Feuerstein studied the eighth-grade data of 24,599 students, from the National Educational Longitudinal Study (1988). By controlling for family structure, race, urban/suburban/rural environment, and economic level, Feuerstein was able to measure the effect of school-related variables on parent involvement. School variables include student-teacher ratio, number of minority teachers, approach to discipline, teacher morale, academic focus, and number of parent contacts.
Feuerstein was looking for factors that improve levels of parent engagement. Unfortunately, he found that family and community factors play a greater role than school factors in determining the level of parents’ involvement. Feuerstein stresses, however, that while it is difficult for schools to stimulate parent involvement, it is not impossible. Increasing the number of times teachers contact parents stimulates volunteerism and PTO participation. It takes time to contact parents, but this contact pays off in more participation and better communication between parents and schools.
Advantages of connection between parents and school
Like many educators, Delores Peña believes that many advantages accrue from closer relationships between families and schools. The academic achievement of low-income students, in particular, seems to improve as parent involvement increases. Also, parents are a valuable source of volunteer help and political support for schools’ programs. Research has shown that increased parent involvement increases teacher efficacy.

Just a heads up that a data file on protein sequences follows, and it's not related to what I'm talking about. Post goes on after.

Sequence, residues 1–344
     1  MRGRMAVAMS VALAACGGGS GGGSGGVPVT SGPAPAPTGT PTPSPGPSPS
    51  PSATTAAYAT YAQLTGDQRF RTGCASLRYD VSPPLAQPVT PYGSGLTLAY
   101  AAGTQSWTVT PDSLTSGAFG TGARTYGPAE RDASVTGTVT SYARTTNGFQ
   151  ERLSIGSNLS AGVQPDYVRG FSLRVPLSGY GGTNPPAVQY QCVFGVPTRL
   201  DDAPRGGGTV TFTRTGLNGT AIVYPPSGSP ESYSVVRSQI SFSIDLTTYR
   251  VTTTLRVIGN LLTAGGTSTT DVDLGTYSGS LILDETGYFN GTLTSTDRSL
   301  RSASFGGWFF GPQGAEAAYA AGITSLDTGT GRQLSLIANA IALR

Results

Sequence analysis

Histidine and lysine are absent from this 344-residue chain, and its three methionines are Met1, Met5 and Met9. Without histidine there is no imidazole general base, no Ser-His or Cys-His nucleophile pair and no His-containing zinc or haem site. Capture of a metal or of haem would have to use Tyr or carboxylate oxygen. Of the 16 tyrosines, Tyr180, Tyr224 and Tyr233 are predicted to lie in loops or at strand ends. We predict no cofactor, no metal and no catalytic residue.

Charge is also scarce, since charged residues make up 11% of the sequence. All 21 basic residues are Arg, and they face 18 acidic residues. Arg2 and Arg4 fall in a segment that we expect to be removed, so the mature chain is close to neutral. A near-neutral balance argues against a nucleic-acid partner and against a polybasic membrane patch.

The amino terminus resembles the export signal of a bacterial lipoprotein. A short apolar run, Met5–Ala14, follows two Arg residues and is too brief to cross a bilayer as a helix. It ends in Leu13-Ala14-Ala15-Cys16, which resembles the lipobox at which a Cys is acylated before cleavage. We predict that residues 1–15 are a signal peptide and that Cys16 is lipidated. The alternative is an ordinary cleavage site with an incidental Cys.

Teachers and principals show more respect for families who participate in school activities. In addition, when low-income parents are trained to work in the schools, they become more actively involved in their children’s education and begin to seek additional education for themselves.
Involved parents develop higher academic aspirations for their children and parent-child communication improves. Still, Peña agrees with Feuerstein that despite all these benefits, schools have difficulty developing successful parent programs. Parents need information and guidance from schools, but teachers receive little help in developing the skills and knowledge for collaborating with parents or the time to pursue it. Successful parent programs often require considerable training for parents and teachers.